US Centers for Disease Control and Prevention (CDC) data now show fentanyl overdose to be the top cause of death among US adults aged 18-45, surpassing those attributed to COVID-19, suicide, and car accidents. From 2018 to 2020, out of 100,000 adults of that age group, 19.4 succumbed to a fatal fentanyl overdose.
A report by the nonprofit Families Against Fentanyl notes that deaths attributed to the substance nearly doubled from 32,754 to 64,178 in the two-year period between April 2019 and April 2021.
The United States recorded nearly 79,000 fentanyl deaths over 2020 and 2021 (37,208 in 2020 and 41,587 in 2021), making up at least 70% of all drug overdoses. The US Drug Enforcement Agency (DEA) describes fentanyl as “a Schedule II controlled substance that is similar to morphine but about 100 times more potent.”
By the end of January 2021, opioid overdose deaths in the US had risen 38.1%, and overdose deaths involving synthetic opioids (primarily illicitly manufactured fentanyl) rose 55.6% year-over-year.
The CDC recorded more than 100,000 drug overdose fatalities between April 2020 and April 2021, the highest yearly number ever recorded. The DEA notes that fentanyl deaths “appear to be the primary driver of the increase in total drug overdose deaths.”
Maine data has shown a similarly grim trend. In 2021, 632 Mainers died of an opioid overdose, 25% higher than the 504 fatalities recorded in 2020, which was 32% higher than the 380 recorded in 2019. Because processing case and death reports can take many weeks, these data can have a considerable lag time. As of this publication, the state has not yet released any drug overdose data for the first quarter of 2022.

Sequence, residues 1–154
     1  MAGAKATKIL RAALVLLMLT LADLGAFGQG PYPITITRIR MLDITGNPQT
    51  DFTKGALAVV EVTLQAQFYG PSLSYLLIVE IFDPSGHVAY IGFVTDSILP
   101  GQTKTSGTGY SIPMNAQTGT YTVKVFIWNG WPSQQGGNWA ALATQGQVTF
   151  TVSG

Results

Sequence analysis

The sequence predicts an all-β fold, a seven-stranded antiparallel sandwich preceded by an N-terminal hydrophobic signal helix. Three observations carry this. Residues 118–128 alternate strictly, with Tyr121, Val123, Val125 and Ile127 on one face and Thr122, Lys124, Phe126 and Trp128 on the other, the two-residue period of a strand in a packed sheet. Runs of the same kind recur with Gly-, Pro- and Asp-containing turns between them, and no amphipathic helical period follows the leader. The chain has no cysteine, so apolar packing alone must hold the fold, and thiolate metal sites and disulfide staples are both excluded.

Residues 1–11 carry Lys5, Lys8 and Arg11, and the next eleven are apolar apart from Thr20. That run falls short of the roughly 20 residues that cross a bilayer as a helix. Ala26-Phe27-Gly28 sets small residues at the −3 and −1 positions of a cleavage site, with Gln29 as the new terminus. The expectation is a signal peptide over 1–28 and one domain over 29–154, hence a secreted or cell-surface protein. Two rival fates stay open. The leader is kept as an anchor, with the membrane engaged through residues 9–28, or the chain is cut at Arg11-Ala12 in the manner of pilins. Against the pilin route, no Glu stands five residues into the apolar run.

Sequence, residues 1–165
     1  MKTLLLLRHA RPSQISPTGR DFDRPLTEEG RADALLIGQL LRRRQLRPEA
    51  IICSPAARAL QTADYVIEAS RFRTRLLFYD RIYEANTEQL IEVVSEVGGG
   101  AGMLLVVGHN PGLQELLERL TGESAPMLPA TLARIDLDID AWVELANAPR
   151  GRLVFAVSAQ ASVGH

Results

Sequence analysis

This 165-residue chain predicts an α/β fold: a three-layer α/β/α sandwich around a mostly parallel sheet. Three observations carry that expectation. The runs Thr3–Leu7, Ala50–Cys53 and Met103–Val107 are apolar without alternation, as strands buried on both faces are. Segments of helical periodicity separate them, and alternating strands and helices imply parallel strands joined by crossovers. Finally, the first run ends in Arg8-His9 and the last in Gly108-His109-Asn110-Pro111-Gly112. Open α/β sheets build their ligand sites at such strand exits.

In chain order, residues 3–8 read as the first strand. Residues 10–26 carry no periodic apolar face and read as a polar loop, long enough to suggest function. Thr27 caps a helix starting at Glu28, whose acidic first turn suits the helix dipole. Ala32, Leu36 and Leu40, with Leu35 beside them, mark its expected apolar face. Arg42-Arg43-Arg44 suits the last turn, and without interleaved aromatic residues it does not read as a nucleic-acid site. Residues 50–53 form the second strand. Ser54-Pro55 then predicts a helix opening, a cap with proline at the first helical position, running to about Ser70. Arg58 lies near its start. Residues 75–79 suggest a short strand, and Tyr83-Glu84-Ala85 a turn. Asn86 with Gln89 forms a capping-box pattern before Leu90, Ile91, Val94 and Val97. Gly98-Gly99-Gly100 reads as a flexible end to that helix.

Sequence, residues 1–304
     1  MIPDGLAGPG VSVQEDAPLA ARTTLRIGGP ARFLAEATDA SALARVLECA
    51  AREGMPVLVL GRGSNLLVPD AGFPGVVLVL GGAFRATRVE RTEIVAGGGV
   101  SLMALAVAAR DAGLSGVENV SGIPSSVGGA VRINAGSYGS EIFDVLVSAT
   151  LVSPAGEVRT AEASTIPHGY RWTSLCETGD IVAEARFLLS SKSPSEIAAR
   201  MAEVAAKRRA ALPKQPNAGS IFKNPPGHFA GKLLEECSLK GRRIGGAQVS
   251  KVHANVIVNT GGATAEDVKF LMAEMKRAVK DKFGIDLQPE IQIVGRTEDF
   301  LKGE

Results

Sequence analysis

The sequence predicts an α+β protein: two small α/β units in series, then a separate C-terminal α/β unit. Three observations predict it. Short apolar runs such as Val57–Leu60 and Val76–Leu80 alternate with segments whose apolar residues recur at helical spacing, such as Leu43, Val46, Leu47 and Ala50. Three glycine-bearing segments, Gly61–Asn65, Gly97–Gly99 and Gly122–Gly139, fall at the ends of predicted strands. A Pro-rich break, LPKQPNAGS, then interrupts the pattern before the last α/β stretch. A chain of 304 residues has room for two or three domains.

Over 2020 and 2021, the average annual number of opioid overdose deaths in Maine was 58% higher than the 2015 to 2019 annual average of about 360. Arguably more staggering is the fact the yearly average has tripled in the past decade. Between 2009 and 2014, Maine averaged 175 opioid deaths per year, a serious, but much more manageable problem.
The state Drug Death Report for 2020 notes that “the increase in drug deaths is not due to infection by COVID-19 itself.” In fact, the yearly average deaths from opioid overdose has been climbing since 2013. State reports also show that this increase has been driven primarily by non-pharmaceutical opioids like fentanyl.
Around 95% of reported fatal and nonfatal drug overdoses in Maine ERs are considered to be accidental. The prevalence of the synthetic opioid within the supply of other illicit drugs, of which users may not be aware, contributes to this growing danger.
National Institutes of Drug Abuse report that 75% of cocaine-overdose deaths and 50% of methamphetamine-related overdose deaths in 2021 were mixed-use with fentanyl.
The DEA warns that 42% of the counterfeit pills it tested for fentanyl had at least 2 milligrams of fentanyl, which the agency says “can be lethal depending on a person’s body size, tolerance and past usage.”